The following DO-related parameters during the filling phase were observed: time of filling phase (interval between the end of a micturition and the point immediately before the next micturition), total number of DO, frequency of DO per minute, and increased amplitude of DO as IVP. In all groups, a period of about 30-60-min micturition cycles was observed and the values from reproducible micturition cycles were used for evaluation.

4. Administration of drug

Stock solutions (0.01 M) of PGE2 (Sigma Chemical Co., St Louis, USA) were made in absolute ethanol and were then diluted to 50µM in saline just before use. PGE2 was infused intravesically at a rate of 10 ml/h. Propiverine 1 or 3 mg/kg was infused into the femoral artery after the baseline cystometry.

The rats were randomly allocated to the following four treatment groups after control cystometries with saline: 1) intraarterial propiverine 1 mg/kg only (n=6), 2) intravesical PGE2 only (n=6), 3) intravesical PGE2 and intraarterial propiverine 1 mg/kg (n=4), or 4) intravesical PGE2 and intraarterial propiverine 3 mg/kg (n=6).

5. Statistical analysis

The results are given as mean values±standard errors of the mean (SEMs). Normal distributions were confirmed by use of SigmaStat 2.0 (SPSS Inc, Chicago, USA). Statistical significance was determined by paired or unpaired t-tests. Statistical significance was defined as p<0.05.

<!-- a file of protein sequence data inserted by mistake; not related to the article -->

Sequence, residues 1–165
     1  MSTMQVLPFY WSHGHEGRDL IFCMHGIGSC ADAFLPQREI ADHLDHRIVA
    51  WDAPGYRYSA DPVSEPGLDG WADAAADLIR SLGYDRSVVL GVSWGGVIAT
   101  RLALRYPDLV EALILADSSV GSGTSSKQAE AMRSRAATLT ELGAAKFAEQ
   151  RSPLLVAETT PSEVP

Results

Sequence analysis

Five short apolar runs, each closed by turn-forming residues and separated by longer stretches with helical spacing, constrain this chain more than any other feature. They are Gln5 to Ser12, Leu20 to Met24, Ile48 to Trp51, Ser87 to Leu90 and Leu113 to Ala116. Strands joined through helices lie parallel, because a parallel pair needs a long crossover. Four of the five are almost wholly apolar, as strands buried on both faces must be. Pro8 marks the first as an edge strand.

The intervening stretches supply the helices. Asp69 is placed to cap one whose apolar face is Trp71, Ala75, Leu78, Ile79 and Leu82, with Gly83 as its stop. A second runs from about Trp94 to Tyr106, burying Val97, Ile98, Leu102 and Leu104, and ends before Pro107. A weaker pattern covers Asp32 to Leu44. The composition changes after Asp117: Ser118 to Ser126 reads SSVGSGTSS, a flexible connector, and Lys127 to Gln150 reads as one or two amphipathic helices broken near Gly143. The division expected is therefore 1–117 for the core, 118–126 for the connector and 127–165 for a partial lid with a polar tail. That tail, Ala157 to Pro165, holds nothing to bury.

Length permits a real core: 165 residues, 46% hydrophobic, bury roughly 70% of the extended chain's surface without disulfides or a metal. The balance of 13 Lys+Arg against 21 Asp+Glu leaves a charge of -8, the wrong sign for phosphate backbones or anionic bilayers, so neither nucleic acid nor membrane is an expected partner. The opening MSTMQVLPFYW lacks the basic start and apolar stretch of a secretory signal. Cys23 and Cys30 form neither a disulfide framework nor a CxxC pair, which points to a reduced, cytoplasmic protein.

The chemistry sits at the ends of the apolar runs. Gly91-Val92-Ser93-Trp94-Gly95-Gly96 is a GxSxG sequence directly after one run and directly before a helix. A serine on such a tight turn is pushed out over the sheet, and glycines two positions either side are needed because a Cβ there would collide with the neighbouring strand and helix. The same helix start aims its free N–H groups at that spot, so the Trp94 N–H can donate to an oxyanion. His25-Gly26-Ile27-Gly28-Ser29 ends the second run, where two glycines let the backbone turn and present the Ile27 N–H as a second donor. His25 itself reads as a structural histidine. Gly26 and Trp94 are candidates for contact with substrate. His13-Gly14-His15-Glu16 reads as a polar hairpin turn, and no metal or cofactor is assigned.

1. Effects of propiverine 1 mg/kg on normal rats

There were no significance differences in pressure- or volume-related parameters before and after the administration of propiverine 1 mg/kg in normal rats. Thus, we showed that propiverine 1 mg/kg had no effect on pressure-volume parameters in normal rats (Table 1).

Effects of intraarterial administration of propiverine on cystometric parameters in conscious, normal Sprague-Dawley rats

2. Effects of PGE2 with or without propiverine on IAP recorded at the points of BP, TP, and MP